All things considered, this is a pretty good episode of The League for this late date. The weakest part of the episode is the Taco story, which just serves to give Jon LaJoie something to do other than using his brothel to ensnare Russell. And as much as Taco preventing himself from sleeping by chewing on a stimulant plant is lazy and not particularly funny, if that’s the worst part of the 70th episode of the show at least something is still going right.
- “I thought all this work being done would make me feel some kind of way.”
- Pete’s superdate includes Alinea, one of the nicest restaurants in Chicago (or so I’m told). I wonder how he got that reservation.
- Andre’s sister is “living the quiet life up in Scotland on a sex farm.” There’s a Sarah Silverman cutaway we are desperately missing.
“The Beach House”
If “Ménage A Cinq” is good, the supersized season finale is pretty excellent, paying off everything else that’s sort of just been sitting limply this season like Kevin’s low T (hey, he’s back to normal size!). The stakes of the beach house haven’t been especially compelling until now, and honestly, it seemed like everyone had forgotten about fantasy football, but once the cast gets to hang out at a very cool-looking beach house, it seems a lot more real, and the winner of the Shiva Bowl somehow manages to become even the slightest bit important again. I mean, I’d want to live in that house, even if it was only for a month a year (and even if Andre had to be on top).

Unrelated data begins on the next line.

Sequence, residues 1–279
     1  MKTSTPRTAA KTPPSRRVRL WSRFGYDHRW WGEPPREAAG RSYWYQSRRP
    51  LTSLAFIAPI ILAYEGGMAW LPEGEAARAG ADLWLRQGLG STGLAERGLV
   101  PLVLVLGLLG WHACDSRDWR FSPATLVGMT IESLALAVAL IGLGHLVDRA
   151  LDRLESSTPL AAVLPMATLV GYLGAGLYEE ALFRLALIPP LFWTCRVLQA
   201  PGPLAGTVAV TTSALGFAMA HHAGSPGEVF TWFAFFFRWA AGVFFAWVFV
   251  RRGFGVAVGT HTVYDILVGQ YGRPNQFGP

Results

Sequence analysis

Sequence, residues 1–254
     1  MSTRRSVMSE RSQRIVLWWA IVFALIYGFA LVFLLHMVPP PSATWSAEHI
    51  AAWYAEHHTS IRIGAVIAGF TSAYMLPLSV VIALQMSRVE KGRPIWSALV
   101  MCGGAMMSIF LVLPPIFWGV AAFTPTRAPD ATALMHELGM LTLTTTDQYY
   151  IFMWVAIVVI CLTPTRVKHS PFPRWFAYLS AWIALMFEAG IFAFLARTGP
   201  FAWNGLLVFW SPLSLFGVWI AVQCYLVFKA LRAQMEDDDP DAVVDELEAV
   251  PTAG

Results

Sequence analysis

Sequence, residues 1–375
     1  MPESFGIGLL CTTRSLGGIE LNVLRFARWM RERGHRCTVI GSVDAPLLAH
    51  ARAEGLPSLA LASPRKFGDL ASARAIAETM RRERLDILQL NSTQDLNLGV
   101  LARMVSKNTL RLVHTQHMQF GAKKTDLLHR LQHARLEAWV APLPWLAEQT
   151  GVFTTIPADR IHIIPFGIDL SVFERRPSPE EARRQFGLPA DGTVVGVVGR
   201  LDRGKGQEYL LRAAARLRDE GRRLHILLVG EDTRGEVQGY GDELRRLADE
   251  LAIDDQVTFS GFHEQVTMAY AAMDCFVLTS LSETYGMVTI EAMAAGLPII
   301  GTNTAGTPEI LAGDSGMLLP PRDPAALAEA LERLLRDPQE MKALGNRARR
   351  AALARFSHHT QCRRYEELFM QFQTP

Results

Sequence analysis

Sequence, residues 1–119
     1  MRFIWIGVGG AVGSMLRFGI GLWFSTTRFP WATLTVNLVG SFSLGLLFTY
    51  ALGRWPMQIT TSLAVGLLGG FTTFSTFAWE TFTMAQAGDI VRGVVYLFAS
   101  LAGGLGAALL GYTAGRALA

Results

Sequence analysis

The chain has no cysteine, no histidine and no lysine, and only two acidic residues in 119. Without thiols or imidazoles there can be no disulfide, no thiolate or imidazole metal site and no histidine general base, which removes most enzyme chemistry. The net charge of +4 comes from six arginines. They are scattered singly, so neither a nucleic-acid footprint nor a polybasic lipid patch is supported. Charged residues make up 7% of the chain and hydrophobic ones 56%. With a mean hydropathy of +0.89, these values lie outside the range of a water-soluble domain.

“The Beach House” kicks off on a high note with the culmination of Rob Riggle’s recurring role as Ruxin’s boss, mocking the premise of an eight team league and giving the dude free reign to actually yell in a way that honestly kind of startled me. That’s not the kind of outburst you normally see on The League, for sure. But Riggle is just one of the many solid guest stars in this episode, who all bolster the flagging main cast. In particular, TV’s Rich Sommer shows up as Ted’s lawyer, executing the will of a guy who apparently was head and shoulders above the rest of the characters. Somehow, Frederick the lawyer is almost as much of a weasel as Harry Crane on Mad Men, if closer to the insecure, weak Harry of the first couple of seasons of that show.